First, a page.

Ask The Get Out of Debt Experts Student Loan Rescue or Assistance

My Student Loan Relief Wants to Charge Me a Monthly Fee. – Danna

Written by Steve Rhode

“Dear Steve,

I called a similar agency to get help with my student loans. Initially I received a litigation letter in regard to my private student loan. They were threatening to follow through thus garnishing my wages. Upon calling “My student loan relief” they asked for my FAFSA pin, I gave it to them, she accessed my information. She proceeded to explain that the private loan should not be at the forefront of my mind because she can guarantee that they cannot do anything for a year because it is costly to them. She then explained that I should be concerned with paying my federal loans first.

She’s charging me an initial entry fee of $299. She’s forwarding me paperwork and asked that I send in copies of my ID, and social security card. She also told me that the paper work she’s sending me needs to be notarized. I’ll be making them my power of attorney. I’d be making my payment for 9 months to the government and pay the 29.95 fee per month. Is this a SCAM. I’m so confused as what to do. Is the information about the Private loan accurate? I need HELP!


Magnifying Glass - Q&A

Dear Danna,

Thank you for reaching out to me with your question.

If the company is charging you $29.95 a month until your loans are fully repaid, over 20 or 30 years, then that would be a huge red flag for me.

You might want to read Student Loan Assistance Rescue Scams On the Rise – Buyer Beware and the review I did on My Student Loan Relief.

The Department of Education is very clear that you do not want to give your FAFSA number out to anyone.

Consolidating your student loans or getting them out of default is something you can do yourself for free. Did they tell you that?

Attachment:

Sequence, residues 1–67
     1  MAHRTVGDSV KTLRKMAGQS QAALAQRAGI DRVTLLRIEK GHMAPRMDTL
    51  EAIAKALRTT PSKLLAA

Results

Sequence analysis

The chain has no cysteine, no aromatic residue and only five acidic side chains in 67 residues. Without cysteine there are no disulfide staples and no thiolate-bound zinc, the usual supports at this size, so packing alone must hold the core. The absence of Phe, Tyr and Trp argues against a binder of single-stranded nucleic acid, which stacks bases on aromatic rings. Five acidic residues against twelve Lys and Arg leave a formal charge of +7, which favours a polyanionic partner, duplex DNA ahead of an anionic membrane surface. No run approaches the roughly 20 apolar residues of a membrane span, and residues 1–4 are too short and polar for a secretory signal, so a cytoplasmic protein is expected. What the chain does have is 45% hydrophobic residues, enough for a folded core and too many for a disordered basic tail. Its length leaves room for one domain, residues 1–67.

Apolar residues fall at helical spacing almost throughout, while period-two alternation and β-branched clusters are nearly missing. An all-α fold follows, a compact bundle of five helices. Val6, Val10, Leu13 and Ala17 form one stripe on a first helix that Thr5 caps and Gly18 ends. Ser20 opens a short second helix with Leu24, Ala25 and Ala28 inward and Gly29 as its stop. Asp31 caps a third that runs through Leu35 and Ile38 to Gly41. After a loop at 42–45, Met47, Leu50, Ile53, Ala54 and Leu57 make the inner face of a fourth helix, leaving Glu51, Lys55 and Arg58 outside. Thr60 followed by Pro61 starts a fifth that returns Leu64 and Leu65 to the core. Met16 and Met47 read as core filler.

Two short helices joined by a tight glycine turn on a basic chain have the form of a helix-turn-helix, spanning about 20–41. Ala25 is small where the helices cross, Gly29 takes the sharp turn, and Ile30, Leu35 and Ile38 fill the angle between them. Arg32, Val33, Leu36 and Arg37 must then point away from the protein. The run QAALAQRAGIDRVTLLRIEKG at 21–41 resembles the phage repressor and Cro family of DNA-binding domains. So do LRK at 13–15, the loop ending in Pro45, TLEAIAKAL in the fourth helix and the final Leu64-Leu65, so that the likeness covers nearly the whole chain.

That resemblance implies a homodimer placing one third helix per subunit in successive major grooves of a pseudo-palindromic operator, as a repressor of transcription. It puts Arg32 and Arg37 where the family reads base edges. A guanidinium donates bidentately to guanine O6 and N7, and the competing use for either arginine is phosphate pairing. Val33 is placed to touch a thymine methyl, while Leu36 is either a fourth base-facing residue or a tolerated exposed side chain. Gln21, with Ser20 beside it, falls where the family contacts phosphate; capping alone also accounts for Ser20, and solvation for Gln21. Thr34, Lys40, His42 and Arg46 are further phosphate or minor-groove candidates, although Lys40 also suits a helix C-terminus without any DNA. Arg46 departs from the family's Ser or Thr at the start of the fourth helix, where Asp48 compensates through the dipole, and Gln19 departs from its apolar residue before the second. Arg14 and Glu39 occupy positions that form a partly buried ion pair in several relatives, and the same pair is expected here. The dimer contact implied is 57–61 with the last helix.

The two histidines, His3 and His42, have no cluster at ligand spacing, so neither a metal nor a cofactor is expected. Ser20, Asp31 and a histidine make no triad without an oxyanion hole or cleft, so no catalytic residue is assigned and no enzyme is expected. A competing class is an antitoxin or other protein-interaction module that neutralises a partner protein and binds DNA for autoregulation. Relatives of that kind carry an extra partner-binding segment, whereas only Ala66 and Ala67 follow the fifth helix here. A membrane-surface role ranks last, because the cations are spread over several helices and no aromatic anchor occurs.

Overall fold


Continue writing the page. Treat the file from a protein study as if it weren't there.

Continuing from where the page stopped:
That being said, if you want to pay someone to do this for you, that’s your choice. If you’d like for me to look over the client agreement they send you, you can upload it to me here.

READ  My Student Loan Relief - Review. Are They a Scam?

You should take threats of wage garnishment very seriously and call the private student loan lender and work out a repayment plan. Then consolidate your federal student loans and consider enrolling them on the pay as you ear, income based repayment plan or income contingent repayment plan.

In the meantime here are some helpful links if you want to deal with this yourself.

Please post your responses and follow-up messages to me on this in the comments section below.

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About the author

Steve Rhode

Steve Rhode is the Get Out of Debt Guy and has been helping good people with bad debt problems since 1994. You can learn more about Steve, here.


  • Danna the sales person for “My Student Loan Relief” has no idea what they are talking about. She told you that you should ignore your private loans that could potentially be heading to litigation because they can’t do anything for a year? Excuse me but how the #$&% does she know what a private student loan collector will or will not do? She doesn’t. It is a bunch of bullshit read from some stupid script in order to get you to pay them.

    It is true your federal loans are important but run from this bullshit company that seems to dish out bullshit advice from a bullshit sales person just because they only get paid to deal with federal loans.


    Did I mention the advice was bullshit?

  • As a student loan advisor that helps students consolidate loans for a living, yes you can do it yourself for free. However, it’s very similar to any government application, attention to detail is key to a successful consolidation. A good example is doing your taxes. Yes you can do them yourself and you can do them for free, but most people opt to have a third party company to handle the leg work for them to ensure an accurate and complete process. There are many details that must be taken into consideration and doing a consolidation yourself may give you an acceptable result although it may also leave you missing other opportunities that a person may qualify for. The key to success is be diligent and do your research on the company. There are many good companies out there that help a lot of people maximize their benefits. But just like everything, there are bad apples in every bunch.

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